Doug Ischar comes on strong. Three barks and a snarl—or is it a whimper?
Three curt syllables, and a last, muted one, swallowed rather than spoken. The bang bang bang of a brief commotion succeeded by the sizzle and crackle of its aftermath.
With a title like that, one expects pornography: action, climax. If not daddies and their boys, spit-shined cocks and spattered sperm, then the aesthetic cum shot of a documentary photograph’s decisive moment, at least. Errrrr. Instead the work in this exhibition invokes the ellipsis of time’s passing, the murmuring deeps of memory, history. There our narrator, the subject, drowns. The story drifts free of his grasp, his objects lost.
The past’s undertow, its pull, is a lure and a debt. The trap here is sentimental nostalgia or a vaguely political injunction to remember. The narrative forms of memoir and testimony, however, fill in too many blanks automatically, deliver meaning too quickly, too fluently, and ultimately insulate us from the sizzling, crackling power of the lost objects we are seeking.
That’s the lure, the temptation, but the debt? We will return to that. First, let’s enumerate and describe some of those lost objects. A group of young, blonde men striking poses by a pool at the Pines, a Russian River resort in Northern California. Another blonde, likely fourteen years old, waving from a swimming pool. A light booth operator, named Curtis, in an Atlanta gay club. A last blonde, in his late teens or early 20s, hugging his pet, a black pig. Excepting the light booth operator, this cast of beauties are represented by photographic ephemera dating from the mid-to-late-1980s: Ischar’s forays into documentary photography as a young artist; Jeffrey Dahmer’s pubescent likeness, excerpted from his father’s memoir; and a snapshot of the artist’s recently deceased partner, Tom Daws. Curtis is represented by a cruisy note he passed the artist: “Someone. I would like to talk with you. I’m in the DJ booth. I don’t get off till 6am. I am running the lights.”
Although Ischar’s exhibition has an air of forensic science, none of his subjects are presented simply or straightforwardly, which is to say as single, autonomous images or objects. Dahmer is projected on a date due slip from a library book and animated to tilt every few moments, imparting artificial life to his gesture of hello. The photo of Ischar’s partner is displayed in a plastic sleeve along with an envelope from the Los Angeles Department of Water and Power. Onto Curtis’s note, Ischar projects footage of sunlight caught on super 8 film—repurposed from found footage the artist used in forget him (2009)—and a fragment of text about blonde hair, sunlight, and youth from The Troubled Midnight by Rodney Garland. Further, the latter work, Someone (2013), is accompanied by subdued strains of the disco song, “Don’t Leave Me This Way” and the intermittent, stentorian interruption of typing on an old-fashioned manual typewriter.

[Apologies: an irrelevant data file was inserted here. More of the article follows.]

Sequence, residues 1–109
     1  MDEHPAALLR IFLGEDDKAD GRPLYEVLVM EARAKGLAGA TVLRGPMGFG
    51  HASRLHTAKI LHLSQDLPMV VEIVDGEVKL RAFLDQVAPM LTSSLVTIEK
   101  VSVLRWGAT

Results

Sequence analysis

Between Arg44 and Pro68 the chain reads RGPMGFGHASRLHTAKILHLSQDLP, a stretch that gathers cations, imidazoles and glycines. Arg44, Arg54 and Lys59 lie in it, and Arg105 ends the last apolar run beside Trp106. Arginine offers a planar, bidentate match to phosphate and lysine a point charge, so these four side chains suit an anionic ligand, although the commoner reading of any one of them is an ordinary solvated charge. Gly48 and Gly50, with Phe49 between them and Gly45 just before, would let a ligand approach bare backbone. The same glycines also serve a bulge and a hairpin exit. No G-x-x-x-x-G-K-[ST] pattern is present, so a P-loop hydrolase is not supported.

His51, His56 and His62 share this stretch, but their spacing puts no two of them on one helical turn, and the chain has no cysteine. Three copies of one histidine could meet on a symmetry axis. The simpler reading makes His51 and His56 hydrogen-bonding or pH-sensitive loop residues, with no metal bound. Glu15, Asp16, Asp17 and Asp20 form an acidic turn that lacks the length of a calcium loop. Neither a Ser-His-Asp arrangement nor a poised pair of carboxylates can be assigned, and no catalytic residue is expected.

Even the archival photos from the Russian River Resort, printed large and framed, possess secondary details or supplemental embellishments that leave one with the impression that meaning in Ischar’s exhibition is in motion, volleyed amongst images and objects, through myriad frames, across time and space. The various mini-projectors, tripods, and extension cords criss-crossing the gallery reinforce this notion, literally embodying arteries of mediation, conduits of power—and meaning.
Back to those photographs of poolside blondes in Northern California: they are seemingly of a piece with the two archival bodies of work Ischar recently revisited, Marginal Waters (1985/2009) and Honor Among… (1987/2011), depicting mid-1980s gay cruising grounds in Chicago and San Francisco, respectively. In Go Unnoticed (1986/2013), the four young men, wearing only bathing suits and towels, absorb themselves in their sunlight-kissed bodies. Three of them glance down at their own torsos and the last arches his body with eyes closed. Linger (1986/2013) shows one of these men playfully pulling a towel over the face of another, who lies in a pool chair. As in the previously mentioned historical bodies of work, these pieces share an originally documentary intention—the young artist’s in 1986—and ostensible value today as historical representations, portraying rather sweet moments of gay leisure during the height of the AIDS epidemic. The resemblance is misleading, however. Ischar performs a bait-and-switch, trading a politically-minded cultural mnemonics for something both more personal and abstract. What was latent in Marginal Waters and Honor Among…, is now manifest in the current exhibition—namely, the significance of the slash along which we slide between 1986 and 2013, itself another artery or conduit.